This book develops a novel approach to distributed cognition and collective intentionality. It is argued that collective mentality should be only be posited where specialized subroutines are integrated in a way that yields skillful goal-directed behaviour that is sensitive to concerns that are relevant to a group as such.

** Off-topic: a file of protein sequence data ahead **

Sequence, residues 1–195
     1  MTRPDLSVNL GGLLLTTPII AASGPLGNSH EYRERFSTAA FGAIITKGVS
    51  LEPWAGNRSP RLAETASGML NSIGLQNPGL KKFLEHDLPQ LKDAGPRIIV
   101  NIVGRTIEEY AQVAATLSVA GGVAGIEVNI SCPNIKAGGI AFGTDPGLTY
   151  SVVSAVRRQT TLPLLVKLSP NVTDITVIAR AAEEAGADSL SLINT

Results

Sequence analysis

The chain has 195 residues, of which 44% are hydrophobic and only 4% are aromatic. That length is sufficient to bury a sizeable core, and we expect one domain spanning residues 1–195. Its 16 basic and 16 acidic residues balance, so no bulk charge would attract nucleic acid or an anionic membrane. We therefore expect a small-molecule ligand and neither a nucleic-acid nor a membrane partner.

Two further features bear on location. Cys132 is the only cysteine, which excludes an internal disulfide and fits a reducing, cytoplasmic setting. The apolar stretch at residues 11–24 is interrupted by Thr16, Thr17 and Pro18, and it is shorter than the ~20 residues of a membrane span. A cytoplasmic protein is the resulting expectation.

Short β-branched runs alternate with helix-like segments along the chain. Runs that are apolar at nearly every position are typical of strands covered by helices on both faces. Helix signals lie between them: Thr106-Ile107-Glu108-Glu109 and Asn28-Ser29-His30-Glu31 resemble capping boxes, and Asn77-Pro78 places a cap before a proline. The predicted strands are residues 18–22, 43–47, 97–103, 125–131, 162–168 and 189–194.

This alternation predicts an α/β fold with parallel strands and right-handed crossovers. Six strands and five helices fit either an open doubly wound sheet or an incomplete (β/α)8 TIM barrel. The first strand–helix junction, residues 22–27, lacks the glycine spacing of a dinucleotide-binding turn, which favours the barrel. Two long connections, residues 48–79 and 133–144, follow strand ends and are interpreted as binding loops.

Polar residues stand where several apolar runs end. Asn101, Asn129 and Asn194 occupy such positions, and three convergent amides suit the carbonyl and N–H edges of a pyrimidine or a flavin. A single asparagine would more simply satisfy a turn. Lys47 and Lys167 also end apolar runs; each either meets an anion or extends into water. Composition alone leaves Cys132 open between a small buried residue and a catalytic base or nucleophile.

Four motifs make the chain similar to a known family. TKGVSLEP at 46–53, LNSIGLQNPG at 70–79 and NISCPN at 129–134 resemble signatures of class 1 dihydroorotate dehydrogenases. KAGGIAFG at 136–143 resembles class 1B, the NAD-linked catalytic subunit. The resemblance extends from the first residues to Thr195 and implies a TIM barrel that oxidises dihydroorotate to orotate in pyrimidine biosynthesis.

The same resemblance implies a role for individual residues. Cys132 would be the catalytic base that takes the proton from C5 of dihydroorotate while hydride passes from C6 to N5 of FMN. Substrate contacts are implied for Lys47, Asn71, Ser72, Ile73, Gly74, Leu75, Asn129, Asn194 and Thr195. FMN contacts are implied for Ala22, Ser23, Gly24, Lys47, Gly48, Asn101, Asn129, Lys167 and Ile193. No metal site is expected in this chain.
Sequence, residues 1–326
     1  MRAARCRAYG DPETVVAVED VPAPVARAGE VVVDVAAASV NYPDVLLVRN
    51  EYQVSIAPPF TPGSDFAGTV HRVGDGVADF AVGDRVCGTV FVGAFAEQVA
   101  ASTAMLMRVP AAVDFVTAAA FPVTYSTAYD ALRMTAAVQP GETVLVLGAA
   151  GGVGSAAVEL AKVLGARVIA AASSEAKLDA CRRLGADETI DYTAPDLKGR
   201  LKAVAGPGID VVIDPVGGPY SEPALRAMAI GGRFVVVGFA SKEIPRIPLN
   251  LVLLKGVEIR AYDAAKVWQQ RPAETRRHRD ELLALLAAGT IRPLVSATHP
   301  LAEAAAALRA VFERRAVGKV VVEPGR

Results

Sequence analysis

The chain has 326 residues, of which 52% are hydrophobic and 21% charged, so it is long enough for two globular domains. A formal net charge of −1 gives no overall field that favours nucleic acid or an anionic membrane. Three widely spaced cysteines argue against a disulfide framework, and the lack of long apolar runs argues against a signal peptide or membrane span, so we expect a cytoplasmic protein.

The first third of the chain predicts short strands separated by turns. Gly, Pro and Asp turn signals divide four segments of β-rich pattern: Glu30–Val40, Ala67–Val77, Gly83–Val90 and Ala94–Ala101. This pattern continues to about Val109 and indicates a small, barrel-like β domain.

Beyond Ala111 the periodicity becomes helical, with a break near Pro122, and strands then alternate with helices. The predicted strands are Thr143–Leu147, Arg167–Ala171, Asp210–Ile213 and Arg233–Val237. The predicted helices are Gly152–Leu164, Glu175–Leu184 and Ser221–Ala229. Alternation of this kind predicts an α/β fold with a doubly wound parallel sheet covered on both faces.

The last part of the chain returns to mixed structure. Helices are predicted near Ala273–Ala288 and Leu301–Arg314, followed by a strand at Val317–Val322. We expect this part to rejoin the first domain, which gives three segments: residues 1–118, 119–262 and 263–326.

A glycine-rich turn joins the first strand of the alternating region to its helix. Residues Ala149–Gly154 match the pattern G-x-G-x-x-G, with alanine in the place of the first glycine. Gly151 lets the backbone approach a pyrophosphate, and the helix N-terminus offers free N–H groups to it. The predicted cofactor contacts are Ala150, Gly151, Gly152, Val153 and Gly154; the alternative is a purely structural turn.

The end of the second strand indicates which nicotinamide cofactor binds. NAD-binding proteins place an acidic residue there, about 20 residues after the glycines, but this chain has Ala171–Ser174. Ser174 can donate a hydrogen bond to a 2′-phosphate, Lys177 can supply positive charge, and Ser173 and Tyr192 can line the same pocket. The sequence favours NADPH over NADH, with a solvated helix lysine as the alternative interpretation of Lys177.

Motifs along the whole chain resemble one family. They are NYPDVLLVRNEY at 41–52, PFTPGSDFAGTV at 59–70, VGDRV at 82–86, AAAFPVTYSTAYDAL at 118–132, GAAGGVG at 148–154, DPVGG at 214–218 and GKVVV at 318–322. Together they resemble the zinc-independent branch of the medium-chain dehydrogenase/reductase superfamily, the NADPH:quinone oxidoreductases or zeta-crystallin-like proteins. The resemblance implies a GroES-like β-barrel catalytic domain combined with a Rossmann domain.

We live in an age of scientific collaboration, popular uprisings, failing political parties, and increasing corporate power. Many of these kinds of collective action derive from the decisions of intelligent and powerful leaders, and many others emerge as a result of the aggregation of individual interests. But genuinely collective mentality remains a seductive possibility. This book develops a novel approach to distributed cognition and collective intentionality. It argues that genuine cognition requires the capacity to engage in flexible goal-directed behavior, and that this requires specialized representational systems that are integrated in a way that yields fluid and skillful coping with environmental contingencies. In line with this argument, the book claims that collective mentality should be posited where and only where specialized subroutines are integrated to yields goal-directed behavior that is sensitive to the concerns that are relevant to a group as such. Unlike traditional claims about collective intentionality, this approach reveals that there are many kinds of collective minds: some groups have cognitive capacities that are more like those that we find in honeybees or cats than they are like those that we find in people. Indeed, groups are unlikely to be "believers" in the fullest sense of the term, and understanding why this is the case sheds new light on questions about collective intentionality and collective responsibility.